The work of a detective, private or public, real or fictional, is to find out "Whodunit" in order that justice might prevail. We have read and seen enough detective stories to be familiar with the process. At the present time, however, the process is becoming quite complicated.

In the first place, it is increasingly difficult these days to determine who, exactly, commits the crimes of the world. This is due to the fact that society is now so organized and institutionalized that the role of the individual has been largely obscured if not altogether lost. Consequently it is well nigh impossible to "pin" a crime on any individual anymore. If an evil deed is done within the confines of his government, his company, his union, or even his immediate society, it cannot be laid at HIS feet for goodness sake. After all, he is only a tiny, very inconsequential part of the system. If the said crime was committed HE certainly did not do it, although he may have been instrumentally "involved" somewhere along the way. Thus the usual plea is, "I had nothing to do with it. It was not my decision. Do not blame me."

Blame? The question of blame presents even more difficulties. Once upon a time not so long ago, when the world was uncomplicated and man was simple minded, the problem of solving a crime was merely a matter of finding out "Whodunit." Back then the "one who done it" and the guilty party were always one and the same. To find one was to find the other. Alas, this is no longer so. Today a person actually caught in a criminal act is not necessarily guilty on that account. By no means. GUILT means being "liable to or deserving of penalty." Though he may indeed have "done it" and been caught red-handed in the act, this is no longer sufficient to prove culpability. To the contrary, there is a strong possibility that the one who commits a crime will turn out NOT to be responsible for what he did at all, therefore not to blame, therefore "not guilty." As a matter of fact, the more vicious his crime the less likely he is to be held accountable. In the end the culprit may be judged to be the "victim of society" rather than the other way around.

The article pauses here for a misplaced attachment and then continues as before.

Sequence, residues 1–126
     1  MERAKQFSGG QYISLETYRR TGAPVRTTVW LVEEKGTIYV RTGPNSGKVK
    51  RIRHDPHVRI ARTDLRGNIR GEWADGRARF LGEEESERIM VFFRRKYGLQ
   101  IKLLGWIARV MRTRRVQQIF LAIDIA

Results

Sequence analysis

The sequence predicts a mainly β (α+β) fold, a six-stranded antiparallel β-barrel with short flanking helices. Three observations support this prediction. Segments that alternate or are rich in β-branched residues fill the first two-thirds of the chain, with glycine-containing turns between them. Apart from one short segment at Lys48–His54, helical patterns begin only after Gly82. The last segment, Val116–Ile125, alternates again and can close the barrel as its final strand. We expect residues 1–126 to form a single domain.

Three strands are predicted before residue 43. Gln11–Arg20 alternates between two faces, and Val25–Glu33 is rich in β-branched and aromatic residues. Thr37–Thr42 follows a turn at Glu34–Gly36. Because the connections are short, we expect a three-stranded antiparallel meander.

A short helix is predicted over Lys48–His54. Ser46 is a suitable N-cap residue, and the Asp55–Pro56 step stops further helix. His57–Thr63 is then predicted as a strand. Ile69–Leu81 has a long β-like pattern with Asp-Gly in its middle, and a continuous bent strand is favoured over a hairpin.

In many ways you can see a parallel between crime and sin here. Crime is a sin against society. Sin is a crime against God. Since it is a human instinct reaching all the way back to Adam to try to escape personal responsibility for wrongdoing, it is not the least bit strange that men would devise ingenious methods of separating themselves from the sins they commit. So the frequent refrain is heard, "Yes, I did it. But you can't blame me because ........... "What goes in the blank can be one of a dozen common excuses or sophisticated theories. The conclusion is always the same however. It reads, "I AM NOT RESPONSIBLE FOR WHAT I HAVE DONE." A greater error has yet to be conceived.

The willingness to accept full responsibility for our own deeds is one indication of maturity. It is a basic ingredient of true freedom. It also is just about the first requisite for having a right relationship with God. When it comes to sin, if we DID it, we may as well take the responsibility. We have it whether we like it or not.